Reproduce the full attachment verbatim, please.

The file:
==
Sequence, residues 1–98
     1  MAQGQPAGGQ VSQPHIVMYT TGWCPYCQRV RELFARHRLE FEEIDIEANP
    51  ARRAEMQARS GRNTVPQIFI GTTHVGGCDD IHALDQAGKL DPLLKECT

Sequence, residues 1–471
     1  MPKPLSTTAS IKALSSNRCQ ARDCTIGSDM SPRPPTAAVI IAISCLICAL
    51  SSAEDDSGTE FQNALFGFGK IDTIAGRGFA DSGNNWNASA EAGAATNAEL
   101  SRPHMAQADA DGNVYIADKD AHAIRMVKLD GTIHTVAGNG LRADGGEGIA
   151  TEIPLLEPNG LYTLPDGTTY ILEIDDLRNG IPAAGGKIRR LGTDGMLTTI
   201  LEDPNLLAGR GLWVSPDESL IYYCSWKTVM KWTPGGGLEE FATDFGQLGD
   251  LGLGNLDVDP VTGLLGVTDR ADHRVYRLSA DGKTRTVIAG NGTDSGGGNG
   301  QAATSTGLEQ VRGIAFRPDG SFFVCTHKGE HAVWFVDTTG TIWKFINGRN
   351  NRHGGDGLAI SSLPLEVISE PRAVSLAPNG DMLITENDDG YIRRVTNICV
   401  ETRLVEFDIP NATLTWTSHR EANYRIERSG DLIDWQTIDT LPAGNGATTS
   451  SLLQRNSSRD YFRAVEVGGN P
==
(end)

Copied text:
Sequence, residues 1–98
     1  MAQGQPAGGQ VSQPHIVMYT TGWCPYCQRV RELFARHRLE FEEIDIEANP
    51  ARRAEMQARS GRNTVPQIFI GTTHVGGCDD IHALDQAGKL DPLLKECT

Sequence, residues 1–471
     1  MPKPLSTTAS IKALSSNRCQ ARDCTIGSDM SPRPPTAAVI IAISCLICAL
    51  SSAEDDSGTE FQNALFGFGK IDTIAGRGFA DSGNNWNASA EAGAATNAEL
   101  SRPHMAQADA DGNVYIADKD AHAIRMVKLD GTIHTVAGNG LRADGGEGIA
   151  TEIPLLEPNG LYTLPDGTTY ILEIDDLRNG IPAAGGKIRR LGTDGMLTTI
   201  LEDPNLLAGR GLWVSPDESL IYYCSWKTVM KWTPGGGLEE FATDFGQLGD
   251  LGLGNLDVDP VTGLLGVTDR ADHRVYRLSA DGKTRTVIAG NGTDSGGGNG
   301  QAATSTGLEQ VRGIAFRPDG SFFVCTHKGE HAVWFVDTTG TIWKFINGRN
   351  NRHGGDGLAI SSLPLEVISE PRAVSLAPNG DMLITENDDG YIRRVTNICV
   401  ETRLVEFDIP NATLTWTSHR EANYRIERSG DLIDWQTIDT LPAGNGATTS
   451  SLLQRNSSRD YFRAVEVGGN P